Methodology of Transdisciplinarity, by B. Nicolescu or ‘We have work to do till the end of time’

NICOLESCU

Trandisciplinarity is both unified and diverse.

  • Theoretical: general definition of transdisciplinarity and a well-defined methodology (a methodology corresponds to a great number of methods) (Piaget, Morin)/
  • Phenomenological: it implies building models that connect the theoretical principles with the already observed experimental data in order to predict further results. (Gibbons, Nowotny)
  • Experimental: it implies performing experiments following a well-defined procedure

There are degrees of disciplinarity which can more or less completely take into account the three methodological postulates of modern science.

Three axioms of methodology of transdisciplinarity:

  • ontological_there are different levels of Reality of the Object and the Subject (…) reality is both pragmatic and ontological (…) one has to distinguish the words “Real” and “Reality.” Real designates that which is, while Reality is connected to resistance in our human experience (…) no level of Reality constitutes a privileged place from which one is able to understand all the other levels of Reality (…) Every level is characterized by its incompleteness (…) a finite topological distance could contain an infinite number of levels of Reality. We have work to do till the end of time (…) The Gödelian structure of levels of Reality implies the impossibility of a self-enclosed, complete theory. Knowledge is forever open (…) The zone of non-resistance corresponds to the sacred (…) The unity of levels of Reality and its complementary zone of non-resistance constitutes what we call the transdisciplinary Object, Nicolescu asserts that the different levels of Reality of the Object are accessible to our knowledge thanks to the different levels of Reality of the Subject (…) Our ternary partition (Subject, Object, Hidden Third) is, of course, different from the binary partition (Subject vs. Object) of classical realism.
  • logical_the passage from one reality to another is ensured by the logic of the included middle (…) one necessarily discovers contradictions in the theory describing the respective level: one has to assert A and non-A at the same time (…) in the history of science a theory leads to contradictions and one has to invent a new theory solving these contradictions (…) one has to abandon the third axiom of the classical logic [there exists no third term T which i at the same time a and non-A] , imposing the exclusion of the third, the included middle T.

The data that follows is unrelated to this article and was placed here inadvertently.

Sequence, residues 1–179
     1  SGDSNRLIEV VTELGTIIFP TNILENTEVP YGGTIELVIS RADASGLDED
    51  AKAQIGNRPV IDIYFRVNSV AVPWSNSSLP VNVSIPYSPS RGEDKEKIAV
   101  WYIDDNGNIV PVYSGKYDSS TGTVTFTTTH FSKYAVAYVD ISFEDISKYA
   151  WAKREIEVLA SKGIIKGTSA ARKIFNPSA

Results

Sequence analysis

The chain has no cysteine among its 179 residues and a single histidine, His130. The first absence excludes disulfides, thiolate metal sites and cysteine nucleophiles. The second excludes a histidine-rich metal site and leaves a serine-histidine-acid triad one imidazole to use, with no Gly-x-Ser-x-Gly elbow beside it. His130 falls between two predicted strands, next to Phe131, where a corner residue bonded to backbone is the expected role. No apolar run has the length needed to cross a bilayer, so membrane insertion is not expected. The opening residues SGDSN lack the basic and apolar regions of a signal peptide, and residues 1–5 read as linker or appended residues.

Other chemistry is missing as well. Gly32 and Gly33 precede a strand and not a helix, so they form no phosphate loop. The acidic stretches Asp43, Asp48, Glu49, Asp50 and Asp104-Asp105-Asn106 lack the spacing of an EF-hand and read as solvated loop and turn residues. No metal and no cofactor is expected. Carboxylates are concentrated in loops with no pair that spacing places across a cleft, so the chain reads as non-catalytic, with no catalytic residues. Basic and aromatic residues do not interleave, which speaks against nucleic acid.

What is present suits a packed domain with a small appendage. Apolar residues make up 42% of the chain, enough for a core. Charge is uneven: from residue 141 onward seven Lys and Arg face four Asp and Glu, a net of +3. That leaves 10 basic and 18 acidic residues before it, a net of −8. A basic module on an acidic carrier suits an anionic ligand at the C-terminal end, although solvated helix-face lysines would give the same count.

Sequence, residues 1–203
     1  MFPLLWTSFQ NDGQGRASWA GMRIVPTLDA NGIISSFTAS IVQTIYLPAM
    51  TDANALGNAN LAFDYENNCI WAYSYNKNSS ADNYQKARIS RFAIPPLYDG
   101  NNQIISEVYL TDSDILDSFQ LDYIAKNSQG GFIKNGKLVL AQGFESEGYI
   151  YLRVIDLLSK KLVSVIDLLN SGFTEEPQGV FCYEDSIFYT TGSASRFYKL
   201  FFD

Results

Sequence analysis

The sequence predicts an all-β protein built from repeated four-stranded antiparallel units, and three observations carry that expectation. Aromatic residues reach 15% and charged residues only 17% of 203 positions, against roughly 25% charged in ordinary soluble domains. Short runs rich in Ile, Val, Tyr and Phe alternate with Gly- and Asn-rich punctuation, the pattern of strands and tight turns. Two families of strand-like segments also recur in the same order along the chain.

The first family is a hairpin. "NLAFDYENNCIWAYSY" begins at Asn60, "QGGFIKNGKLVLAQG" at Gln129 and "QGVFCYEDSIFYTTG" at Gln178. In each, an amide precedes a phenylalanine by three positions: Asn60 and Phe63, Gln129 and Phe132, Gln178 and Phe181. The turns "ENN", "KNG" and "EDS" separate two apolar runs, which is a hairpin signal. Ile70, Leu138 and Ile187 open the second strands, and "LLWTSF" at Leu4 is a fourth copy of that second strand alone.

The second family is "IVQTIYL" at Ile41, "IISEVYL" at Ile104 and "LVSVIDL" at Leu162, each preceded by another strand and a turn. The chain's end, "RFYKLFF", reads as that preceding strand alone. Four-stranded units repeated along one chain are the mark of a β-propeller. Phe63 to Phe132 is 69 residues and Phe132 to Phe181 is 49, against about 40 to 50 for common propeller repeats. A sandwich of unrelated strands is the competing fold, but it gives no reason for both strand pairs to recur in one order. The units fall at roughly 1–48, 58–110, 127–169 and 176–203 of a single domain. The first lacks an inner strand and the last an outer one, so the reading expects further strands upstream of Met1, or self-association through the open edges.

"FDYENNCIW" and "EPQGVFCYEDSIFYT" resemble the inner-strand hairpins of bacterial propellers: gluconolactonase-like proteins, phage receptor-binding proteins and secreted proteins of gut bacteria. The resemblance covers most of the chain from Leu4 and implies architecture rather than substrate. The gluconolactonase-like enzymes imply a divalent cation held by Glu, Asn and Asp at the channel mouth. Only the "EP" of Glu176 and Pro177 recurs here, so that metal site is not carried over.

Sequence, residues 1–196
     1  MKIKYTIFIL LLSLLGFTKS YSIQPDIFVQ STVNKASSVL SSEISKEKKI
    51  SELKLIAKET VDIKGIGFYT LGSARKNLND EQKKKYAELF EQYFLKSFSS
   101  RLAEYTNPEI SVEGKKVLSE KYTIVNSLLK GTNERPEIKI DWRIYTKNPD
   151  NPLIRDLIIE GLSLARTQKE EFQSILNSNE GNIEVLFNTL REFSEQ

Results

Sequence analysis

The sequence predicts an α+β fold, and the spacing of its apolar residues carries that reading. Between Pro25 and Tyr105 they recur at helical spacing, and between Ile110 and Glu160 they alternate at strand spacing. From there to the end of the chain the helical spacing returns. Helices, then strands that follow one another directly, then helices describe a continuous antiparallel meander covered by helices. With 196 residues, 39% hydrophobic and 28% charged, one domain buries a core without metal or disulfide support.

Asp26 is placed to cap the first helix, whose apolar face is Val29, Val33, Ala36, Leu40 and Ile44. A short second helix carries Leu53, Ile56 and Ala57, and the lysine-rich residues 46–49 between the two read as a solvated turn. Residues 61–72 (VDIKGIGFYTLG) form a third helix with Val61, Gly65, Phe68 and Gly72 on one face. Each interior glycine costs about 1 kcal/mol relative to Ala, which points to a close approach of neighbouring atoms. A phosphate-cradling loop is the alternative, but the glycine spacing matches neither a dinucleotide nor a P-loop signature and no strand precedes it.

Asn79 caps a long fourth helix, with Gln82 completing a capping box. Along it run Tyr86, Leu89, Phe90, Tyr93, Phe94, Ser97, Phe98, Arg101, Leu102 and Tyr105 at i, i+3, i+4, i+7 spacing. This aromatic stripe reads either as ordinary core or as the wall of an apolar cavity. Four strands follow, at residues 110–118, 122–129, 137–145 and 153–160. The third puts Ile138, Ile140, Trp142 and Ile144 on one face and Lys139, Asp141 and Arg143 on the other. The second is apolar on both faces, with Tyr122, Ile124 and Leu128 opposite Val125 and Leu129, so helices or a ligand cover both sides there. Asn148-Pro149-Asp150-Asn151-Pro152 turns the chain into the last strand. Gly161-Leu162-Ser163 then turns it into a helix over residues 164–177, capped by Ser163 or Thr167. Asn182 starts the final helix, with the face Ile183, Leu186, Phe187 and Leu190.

• complexity_the structure of the totality of levels of Reality or perception is a complex structure, every level is what it is because all the levels exist at the same time (…) It is useful to distinguish between the horizontal complexity, which refers to a single level of reality and vertical complexity, which refers to several levels of Reality. It is also important to note that transversal complexity is different from the vertical, transdisciplinary complexity. Transversal complexity refers to crossing different levels of organization at a single level of Reality (…) complexity is a modern form of the very ancient principle of universal interdependence (…) The principle of universal interdependence entails the maximum possible simplicity that the human mind could imagine, the simplicity of the interaction of all levels of reality. This simplicity cannot be captured by mathematical language, but only by symbolic language. The mathematical language addresses exclusively to the analytical mind, while symbolic language addresses to the totality of the human being, with its thoughts, feelings and body (…)

 

References

Nicolescu, B., 2010. METHODOLOGY OF TRANSDISCIPLINARITY – LEVELS OF REALITY, LOGIC OF THE INCLUDED MIDDLE AND COMPLEXITY. In Transdisciplinary Journal of Engineering & Science Vol: 1, No:1, (December, 2010), pp.19-38

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Clinical-Applied-Basic Research

DESIGN RESEARCH FRANKEL-RACINE

Clinical_FOR DESIGN RESEARCH: focuses on design problems that are specific and individual cases requiring information for that unique situation/ primarily prescriptive research methods for specific and feasible design solutions (Downton)/ Notably, research for design is the category of research that most practitioners and many academics associate with the term “Design Research”/ Many of the methods briefly mentioned in this section could generate findings that are relevant beyond the scope of one clinical situation, but often they are inadequately developed in practice.